I’ve been a fan of this article series for a while now, so I thought it appropriate to send in one of my decks for some much-needed advice.
Let me start with the problem. I 99% of the time play Aggro decks over anything else. It is just my preferred method of handling things. Well, my brother
The commander is Oloro, Ageless Ascetic. I run only eight counterspells, because I want my group to interact a little and I would like to keep it at or
Here is the decklist:
Oloro, Hoarder of Life
Instants and Sorceries
I appreciate the help you can offer me. Also, I’m on a pretty tight budget at the moment, so any changes are going to need to be pretty cheap.
Well, control decks are hard – but that doesn’t mean you’re on the wrong path or anything. The key problem, I think, is how the deck is currently
positioned to take control – it’s light on card draw and mass removal, relying on its Commander for the former and running up against the unintended
consequence of the budget problem: good sweeper spells tend to be expensive, and a control deck needs enough of them to reasonably deploy two or three of
them over the course of a game. Best-in-class staples like Damnation cost far too much for any reasonable budget, and even an Oblivion Stone will cost you
a double-digits chunk of resources. We can still reach for the B-team on your budget, though, and get good results… at a certain point it doesn’t really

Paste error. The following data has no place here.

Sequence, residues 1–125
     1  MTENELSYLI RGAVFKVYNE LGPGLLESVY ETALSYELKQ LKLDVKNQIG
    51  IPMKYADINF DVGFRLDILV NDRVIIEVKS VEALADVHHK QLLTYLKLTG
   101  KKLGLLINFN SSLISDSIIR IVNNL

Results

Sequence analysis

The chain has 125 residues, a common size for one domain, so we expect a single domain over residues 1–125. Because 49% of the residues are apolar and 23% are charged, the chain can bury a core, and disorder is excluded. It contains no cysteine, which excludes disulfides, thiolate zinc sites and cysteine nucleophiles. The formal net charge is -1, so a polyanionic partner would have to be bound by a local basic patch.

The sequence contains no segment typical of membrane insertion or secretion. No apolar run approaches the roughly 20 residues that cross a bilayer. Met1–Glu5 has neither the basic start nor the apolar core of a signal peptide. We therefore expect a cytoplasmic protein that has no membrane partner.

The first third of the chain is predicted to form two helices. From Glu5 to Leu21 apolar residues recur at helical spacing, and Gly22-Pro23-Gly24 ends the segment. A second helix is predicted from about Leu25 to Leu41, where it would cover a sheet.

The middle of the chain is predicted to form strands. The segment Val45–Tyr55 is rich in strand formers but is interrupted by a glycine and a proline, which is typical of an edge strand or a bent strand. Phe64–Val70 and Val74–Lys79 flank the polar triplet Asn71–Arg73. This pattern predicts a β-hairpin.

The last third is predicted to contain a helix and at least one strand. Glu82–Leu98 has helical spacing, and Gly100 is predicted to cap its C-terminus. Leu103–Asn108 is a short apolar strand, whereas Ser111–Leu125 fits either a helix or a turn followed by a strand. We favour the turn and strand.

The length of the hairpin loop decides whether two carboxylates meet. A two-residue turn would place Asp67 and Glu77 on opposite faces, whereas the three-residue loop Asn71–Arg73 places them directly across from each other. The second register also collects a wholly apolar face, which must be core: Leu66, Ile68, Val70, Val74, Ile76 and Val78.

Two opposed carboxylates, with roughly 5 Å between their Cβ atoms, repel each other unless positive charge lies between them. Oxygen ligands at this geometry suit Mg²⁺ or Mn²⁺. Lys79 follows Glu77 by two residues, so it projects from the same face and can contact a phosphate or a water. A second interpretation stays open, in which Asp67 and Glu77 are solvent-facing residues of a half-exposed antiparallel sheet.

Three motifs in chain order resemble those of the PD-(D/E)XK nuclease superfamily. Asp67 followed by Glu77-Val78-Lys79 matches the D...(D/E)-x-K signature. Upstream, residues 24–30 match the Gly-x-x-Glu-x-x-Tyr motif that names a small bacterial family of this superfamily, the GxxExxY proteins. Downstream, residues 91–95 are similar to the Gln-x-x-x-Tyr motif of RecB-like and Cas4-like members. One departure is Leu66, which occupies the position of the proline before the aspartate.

matter exactly which sweeper effects you’re playing so long as you have enough of them. So long as they’re all reasonably functional, it’ll work out in the
The other side of the issue I’m seeing is that once you have control you don’t really have any elements that let you keep it; yes, you have pinpoint
removal and countermagic, but in Commander the best defense is to take over the board with something powerful. This is hard to do, but a few cards you
could play would allow for an army-in-a-can effect that puts you ahead on the board after you’ve used your sweepers as roadblocks. We will need to
dramatically shift around your creature base in order to have board control cards and strong kill mechanisms, so that once you’ve gotten ahead and are in
control you can close the game out (or at least take out one of your opponents) before you lose control.
With that said, let’s get to work!
First things first, you don’t need quite as many lands as you’re playing. 43 is a lot, especially with a couple of mana rocks along as well, and we will need the space to up your creature count. I am going to pull four of these slots and drop the deck down to 39 lands, which should be plenty
once we’ve streamlined your mana artifacts as well later on. Mostly what we’re running into here is that we need to add some more cheap but good dual lands
if we can get them, and while I’d like more of them, we’d need to either allow for more lands that come into play tapped (which I don’t want to do
here) or start spending on rare dual lands that will improve your manabase at the expense of your budget. I’m content with cutting four lands entirely and
replacing nine more of them, letting us add one utility land I think works particularly well (on the cheap, at least) with your Commander and eight more
dual lands that will help you draw your colors at the right time.
Thanks to Ravnica Block, well more like thanks to both of the Ravnica blocks, you can get good color-fixing at common (and thus on the cheap).